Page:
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Annual Association of Writers & Writing Programs Conference continues

More than 11,000 attendees expected at Boston literary conference

Published: Friday, March 8, 2013

Updated: Friday, March 8, 2013 11:03

The 2013 Association of Writers & Writing Programs’ (AWP) annual conference is now well underway, and many would argue that the best is still to come. The conference will continue through Saturday, March 9, having begun on Wednesday.

Despite being a niche event that appeals primarily to fans and members of the literary underground, the AWP Conference has become something of a national tradition, and its appeal is on the rise. A whopping 9,700 people preregistered for this year’s conference, with more than 11,000 total people expected to attend. It may be a large−scale event, but the conference’s raison d’etre is ultimately to provide a distillation of the contemporary world of writing, where literary giants rub shoulders with up−and−coming writers and where writers and publishers from around the world gather to catch up and share ideas.

“I like to think of the AWP conference as a big tent where everybody is together,” said Christian Teresi, the AWP Conference Organizer. And Teresi’s opinion is far from isolated. Though fans come for the events and speakers — which this year include dual Nobel Laureate keynote speakers Seamus Heaney and Derek Walcott, as well as featured readers that range from Augusten Burroughs to Z.Z. Packer and Don DeLillo — the conference is ultimately much more than its sum of lectures, book fairs and social events.

“I really think the idea of social capital, particularly in the digital age, is something that is becoming increasingly more precious,” said Teresi. “In the world of Facebook, people are looking for more and more opportunities for real, personal interactions.”

Smaller indie publishers arguably benefit the most from the event, as theirs is a world of personal connections and careful networking. Other larger companies don’t rely as heavily on this groundwork.

“The indie−lit scene is all very online ... and there’s not necessarily a good point at which you can meet people face−to−face. AWP really provides that,” said Tufts alumnus Emma Bushnell (LA ’11), the assistant editor of Nouvella Books. Though Nouvella travelled to Chicago for AWP’s conference in 2012, this will be the company’s first year to have a table at the book fair. “Tabling” will give Nouvella a chance to attract new writers and customers, in addition to giving them a chance to mingle with fellow publishers.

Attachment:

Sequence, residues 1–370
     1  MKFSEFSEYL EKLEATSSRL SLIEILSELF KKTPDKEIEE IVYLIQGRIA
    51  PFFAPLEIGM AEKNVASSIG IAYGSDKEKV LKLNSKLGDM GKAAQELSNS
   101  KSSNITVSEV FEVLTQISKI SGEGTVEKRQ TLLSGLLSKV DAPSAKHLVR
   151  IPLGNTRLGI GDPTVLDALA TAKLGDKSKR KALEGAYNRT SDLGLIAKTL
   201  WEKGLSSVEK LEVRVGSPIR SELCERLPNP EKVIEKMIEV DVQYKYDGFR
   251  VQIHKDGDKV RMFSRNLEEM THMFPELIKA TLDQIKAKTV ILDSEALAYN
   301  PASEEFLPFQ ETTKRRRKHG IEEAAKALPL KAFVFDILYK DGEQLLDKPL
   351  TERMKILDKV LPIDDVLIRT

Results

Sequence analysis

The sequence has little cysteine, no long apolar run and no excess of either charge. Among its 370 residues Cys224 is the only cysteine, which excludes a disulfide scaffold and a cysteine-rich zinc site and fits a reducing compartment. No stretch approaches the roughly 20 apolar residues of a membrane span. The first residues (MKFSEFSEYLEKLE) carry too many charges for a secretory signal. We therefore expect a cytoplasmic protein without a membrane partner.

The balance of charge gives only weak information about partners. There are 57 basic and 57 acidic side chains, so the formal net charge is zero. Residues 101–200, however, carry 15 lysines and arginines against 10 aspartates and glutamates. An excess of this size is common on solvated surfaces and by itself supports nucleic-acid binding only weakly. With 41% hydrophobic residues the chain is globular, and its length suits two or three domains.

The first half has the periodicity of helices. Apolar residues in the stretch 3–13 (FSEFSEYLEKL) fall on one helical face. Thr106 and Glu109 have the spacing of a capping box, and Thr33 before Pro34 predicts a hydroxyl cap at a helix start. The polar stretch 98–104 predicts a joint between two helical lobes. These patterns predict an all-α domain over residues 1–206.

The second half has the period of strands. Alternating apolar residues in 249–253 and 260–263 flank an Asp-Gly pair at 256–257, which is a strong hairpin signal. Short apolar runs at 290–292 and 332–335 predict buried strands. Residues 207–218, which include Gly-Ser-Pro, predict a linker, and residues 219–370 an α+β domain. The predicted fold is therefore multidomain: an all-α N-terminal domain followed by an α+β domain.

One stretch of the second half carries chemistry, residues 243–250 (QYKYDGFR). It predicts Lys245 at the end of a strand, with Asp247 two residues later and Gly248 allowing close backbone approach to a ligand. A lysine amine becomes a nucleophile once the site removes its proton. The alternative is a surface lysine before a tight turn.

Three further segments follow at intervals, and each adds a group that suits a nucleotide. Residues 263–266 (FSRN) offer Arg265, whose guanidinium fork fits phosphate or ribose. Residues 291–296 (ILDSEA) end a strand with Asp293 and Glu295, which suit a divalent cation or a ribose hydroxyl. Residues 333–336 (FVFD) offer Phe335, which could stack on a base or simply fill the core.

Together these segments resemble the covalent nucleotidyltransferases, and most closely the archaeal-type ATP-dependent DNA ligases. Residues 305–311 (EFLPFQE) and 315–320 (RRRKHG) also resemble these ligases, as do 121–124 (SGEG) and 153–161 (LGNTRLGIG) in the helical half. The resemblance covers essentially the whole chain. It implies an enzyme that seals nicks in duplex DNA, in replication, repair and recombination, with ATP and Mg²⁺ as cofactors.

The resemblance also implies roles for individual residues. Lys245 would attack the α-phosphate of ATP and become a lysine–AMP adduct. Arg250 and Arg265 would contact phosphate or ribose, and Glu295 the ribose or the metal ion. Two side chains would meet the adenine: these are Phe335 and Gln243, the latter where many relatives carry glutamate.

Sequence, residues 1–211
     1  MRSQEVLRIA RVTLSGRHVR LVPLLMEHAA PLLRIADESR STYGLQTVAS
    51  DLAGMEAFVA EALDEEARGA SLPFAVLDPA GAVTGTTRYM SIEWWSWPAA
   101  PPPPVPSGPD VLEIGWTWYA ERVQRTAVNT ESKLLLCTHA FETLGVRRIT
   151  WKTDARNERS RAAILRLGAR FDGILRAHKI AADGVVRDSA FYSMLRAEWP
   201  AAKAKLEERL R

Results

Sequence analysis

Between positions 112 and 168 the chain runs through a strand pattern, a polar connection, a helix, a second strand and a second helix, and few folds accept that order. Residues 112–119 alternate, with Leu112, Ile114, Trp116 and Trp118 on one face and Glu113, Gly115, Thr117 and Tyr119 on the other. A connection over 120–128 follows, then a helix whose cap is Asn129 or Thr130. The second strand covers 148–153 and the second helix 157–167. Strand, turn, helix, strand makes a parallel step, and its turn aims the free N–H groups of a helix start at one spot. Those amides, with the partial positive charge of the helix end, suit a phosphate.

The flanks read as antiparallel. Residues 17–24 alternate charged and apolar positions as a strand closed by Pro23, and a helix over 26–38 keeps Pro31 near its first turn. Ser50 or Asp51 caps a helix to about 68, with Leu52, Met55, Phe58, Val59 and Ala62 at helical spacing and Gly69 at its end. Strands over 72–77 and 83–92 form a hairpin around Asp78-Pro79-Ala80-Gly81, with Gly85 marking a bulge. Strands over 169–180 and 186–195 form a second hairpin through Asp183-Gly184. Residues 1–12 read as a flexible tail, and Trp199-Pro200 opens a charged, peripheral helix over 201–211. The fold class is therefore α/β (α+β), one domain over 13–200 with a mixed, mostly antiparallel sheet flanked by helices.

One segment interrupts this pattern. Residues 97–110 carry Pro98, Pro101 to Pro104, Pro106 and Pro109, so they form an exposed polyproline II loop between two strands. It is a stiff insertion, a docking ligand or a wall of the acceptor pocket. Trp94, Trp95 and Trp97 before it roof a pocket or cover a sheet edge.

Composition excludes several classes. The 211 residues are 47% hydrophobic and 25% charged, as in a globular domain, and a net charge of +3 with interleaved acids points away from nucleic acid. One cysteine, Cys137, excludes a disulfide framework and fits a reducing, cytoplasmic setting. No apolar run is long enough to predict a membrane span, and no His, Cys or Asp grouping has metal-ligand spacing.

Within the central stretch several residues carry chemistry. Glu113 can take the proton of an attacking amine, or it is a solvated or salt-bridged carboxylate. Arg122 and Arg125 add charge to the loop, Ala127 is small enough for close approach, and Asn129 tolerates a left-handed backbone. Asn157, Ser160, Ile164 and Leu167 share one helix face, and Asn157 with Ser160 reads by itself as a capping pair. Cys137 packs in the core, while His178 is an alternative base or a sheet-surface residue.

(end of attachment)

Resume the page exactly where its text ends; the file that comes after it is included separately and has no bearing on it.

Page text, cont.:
This sense of human connection is what continues to attract publishers, even once they’ve established themselves in the literary world.

Indie publishing darling McSweeney’s has been coming to the conference “since they could afford the plane tickets,” says Andi Mudd, editor of McSweeney’s monthly magazine, “The Believer.” Though most of the AWP crowd has probably already heard of McSweeney’s, Mudd still looks forward to reuniting with friends, promoting “The Believer’s” 10th anniversary and looking for new, young writers.

Plus, there are always plenty of after−hours events to look forward to — and most of them don’t require registration. A galaxy of evening events and parties is scheduled after each day of the conference. Mudd is particularly excited for the McSweeney’s party with fellow San Franciscans, The Rumpus, on Friday night.

“It’s fun to go and unwind a little bit with the other people who have been working all day long,” she said.

Those who do register for the conference have a smorgasbord of events and speakers to choose between — of the 1,300 submissions conference organizers received, more than 550 unique events were included in the schedule.

Events centered on memoir writing and poetry are poised to be especially popular this year, though Helene Atwan, a member of Boston’s AWP Planning Community, predicts that conference−goers will also be intrigued by writers’ recent creative environmental activism. She also urges those in attendance to check out Andre Dubus III, Rosanna Warren and Edith Pearlman — all of whom are Boston natives.

The presale may be over, but it’s still possible to register for the conference on−location at 900 Boylston Street, Boston: Member tickets are $190, non−member tickets are $285, and student tickets are a paltry $60. More information about the conference can be found online at

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